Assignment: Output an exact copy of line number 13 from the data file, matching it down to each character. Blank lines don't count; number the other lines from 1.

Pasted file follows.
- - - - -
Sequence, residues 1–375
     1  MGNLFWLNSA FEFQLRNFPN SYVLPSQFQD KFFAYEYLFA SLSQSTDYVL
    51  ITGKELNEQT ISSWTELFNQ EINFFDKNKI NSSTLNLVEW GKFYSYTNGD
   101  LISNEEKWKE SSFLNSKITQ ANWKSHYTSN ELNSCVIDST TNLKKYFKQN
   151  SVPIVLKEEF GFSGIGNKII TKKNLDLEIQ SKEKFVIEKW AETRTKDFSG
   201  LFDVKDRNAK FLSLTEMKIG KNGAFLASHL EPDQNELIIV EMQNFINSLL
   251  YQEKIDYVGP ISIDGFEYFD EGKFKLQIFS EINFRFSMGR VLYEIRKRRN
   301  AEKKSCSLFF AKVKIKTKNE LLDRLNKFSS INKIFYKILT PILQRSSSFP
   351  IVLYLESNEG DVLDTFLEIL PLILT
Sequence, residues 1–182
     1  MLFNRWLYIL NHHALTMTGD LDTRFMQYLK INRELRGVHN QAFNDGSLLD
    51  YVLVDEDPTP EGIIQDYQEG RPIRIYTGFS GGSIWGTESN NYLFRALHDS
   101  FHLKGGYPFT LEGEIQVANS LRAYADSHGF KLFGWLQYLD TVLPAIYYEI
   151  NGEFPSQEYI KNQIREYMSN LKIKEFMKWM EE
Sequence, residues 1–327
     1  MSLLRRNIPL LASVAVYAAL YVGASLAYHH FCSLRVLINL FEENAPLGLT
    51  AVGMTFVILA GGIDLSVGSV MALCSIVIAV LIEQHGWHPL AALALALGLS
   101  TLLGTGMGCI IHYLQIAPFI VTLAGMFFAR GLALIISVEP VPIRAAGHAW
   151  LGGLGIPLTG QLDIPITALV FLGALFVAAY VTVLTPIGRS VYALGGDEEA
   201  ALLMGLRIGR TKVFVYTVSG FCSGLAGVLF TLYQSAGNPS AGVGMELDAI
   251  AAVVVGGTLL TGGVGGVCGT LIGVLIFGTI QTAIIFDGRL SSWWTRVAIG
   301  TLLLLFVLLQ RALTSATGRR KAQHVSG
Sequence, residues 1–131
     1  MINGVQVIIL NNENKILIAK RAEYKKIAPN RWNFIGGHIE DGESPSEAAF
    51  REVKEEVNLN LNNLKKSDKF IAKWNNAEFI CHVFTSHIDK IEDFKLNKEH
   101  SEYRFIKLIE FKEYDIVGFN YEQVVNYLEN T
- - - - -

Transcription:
   101  FHLKGGYPFT LEGEIQVANS LRAYADSHGF KLFGWLQYLD TVLPAIYYEI